BRUNSWICK — As the town council weighs whether to extend its moratorium on homeless shelter development in Brunswick, it may be at least two more winters before Tedford Housing can build its new shelter and resource center it’s been dreaming of for more than a year, said Craig Phillips, executive director of Tedford Housing. 

Council members scheduled a public hearing March 4 to discuss whether to extend its moratorium on shelters, which expires March 24, to July 1 to give councilors more time to develop a local zoning rules and performance standards for shelters.

Craig Phillips, Tedford Housing’s executive director (file photo)

More than a year after Tedford officials first approached the town with plans for the 70-person shelter and resource center, there have been many shelter task force meetings, a moratorium extension, lengthy planning board meetings, public hearings and town council workshops. The process continues to grind on.

The list of places where Tedford could build a new shelter is shrinking, as councilors tentatively agreed in a straw poll at the last workshop to prohibit new shelters in any residential zones. The existing facilities, a singles shelter on Cumberland Street and a family shelter on Federal Street, are grandfathered in and would not be impacted by the new ordinance.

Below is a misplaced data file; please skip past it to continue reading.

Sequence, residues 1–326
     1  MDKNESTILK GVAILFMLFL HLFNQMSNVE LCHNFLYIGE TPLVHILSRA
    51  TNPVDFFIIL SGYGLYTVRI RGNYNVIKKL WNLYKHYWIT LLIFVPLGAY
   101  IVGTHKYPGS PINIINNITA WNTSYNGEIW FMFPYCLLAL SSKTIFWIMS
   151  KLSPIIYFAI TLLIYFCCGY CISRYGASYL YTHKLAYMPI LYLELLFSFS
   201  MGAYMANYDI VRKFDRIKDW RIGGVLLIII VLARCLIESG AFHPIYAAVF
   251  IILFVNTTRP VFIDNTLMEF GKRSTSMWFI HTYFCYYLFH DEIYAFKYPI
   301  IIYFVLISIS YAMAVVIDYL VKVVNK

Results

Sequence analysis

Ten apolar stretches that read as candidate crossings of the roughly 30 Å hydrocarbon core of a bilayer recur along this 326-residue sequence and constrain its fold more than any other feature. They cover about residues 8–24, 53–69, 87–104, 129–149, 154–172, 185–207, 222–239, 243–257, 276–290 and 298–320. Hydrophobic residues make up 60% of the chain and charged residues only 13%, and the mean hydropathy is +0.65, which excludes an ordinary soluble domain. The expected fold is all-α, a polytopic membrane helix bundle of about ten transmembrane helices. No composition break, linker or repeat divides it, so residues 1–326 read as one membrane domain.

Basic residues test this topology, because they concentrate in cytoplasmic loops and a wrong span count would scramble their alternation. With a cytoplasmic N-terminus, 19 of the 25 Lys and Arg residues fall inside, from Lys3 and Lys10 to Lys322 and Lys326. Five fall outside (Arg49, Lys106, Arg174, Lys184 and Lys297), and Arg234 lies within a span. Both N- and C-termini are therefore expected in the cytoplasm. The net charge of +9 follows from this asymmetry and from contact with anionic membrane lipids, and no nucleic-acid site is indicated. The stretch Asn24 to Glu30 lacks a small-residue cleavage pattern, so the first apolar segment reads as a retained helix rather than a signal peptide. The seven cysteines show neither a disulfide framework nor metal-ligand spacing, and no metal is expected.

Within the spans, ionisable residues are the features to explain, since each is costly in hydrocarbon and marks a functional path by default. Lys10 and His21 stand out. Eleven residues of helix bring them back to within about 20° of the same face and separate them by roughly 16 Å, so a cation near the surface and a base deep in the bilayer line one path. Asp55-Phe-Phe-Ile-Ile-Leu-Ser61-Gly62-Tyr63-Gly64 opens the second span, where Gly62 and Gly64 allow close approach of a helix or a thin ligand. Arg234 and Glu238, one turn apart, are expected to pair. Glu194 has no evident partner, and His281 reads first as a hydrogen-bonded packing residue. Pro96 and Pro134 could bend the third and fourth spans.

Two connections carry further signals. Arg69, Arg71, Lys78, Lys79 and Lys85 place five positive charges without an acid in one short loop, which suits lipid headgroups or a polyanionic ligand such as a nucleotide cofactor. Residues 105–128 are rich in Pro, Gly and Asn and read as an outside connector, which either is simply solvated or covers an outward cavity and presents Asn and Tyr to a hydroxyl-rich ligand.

Phillips is concerned though, that “when all is said and done there may not be a spot in Brunswick” where they can build the shelter they had planned and will likely have to “start virtually all over again.”

“It’s looking grim,” he said.

Tedford has operated in the community for decades, but town officials are concerned that another group with less experience or trust in the community might try to open a shelter, and are therefore careful to note that whatever zoning ordinance they create will serve Brunswick for the foreseeable future.

For some councilors, that includes drafting a list of performance standards, set to be discussed further in yet another workshop, which would regulate how, and when, shelters could be run. To Phillips though, there are some concerns that over-regulation may get in the way of how they do businesses. “Some standards are understandable,” he said, but when it comes to hours of operations (the singles shelter currently closes during the day) or people’s smoking habits, it gets closer to micromanaging, he said.

At an earlier meeting, councilor Steve Walker cautioned against over-regulating. “We keep squeezing and squeezing and squeezing down” where the shelters can go and how they can operate, he said.

The zoning discussions have grinding along since last year, when Tedford’s project was halted because the town realized it didn’t have any ordinances regulating homeless shelters, despite the fact that Tedford had been operating in town for decades.

The public hearing on whether to extend the moratorium to July 1 is March 4. The next council workshop remains unscheduled.

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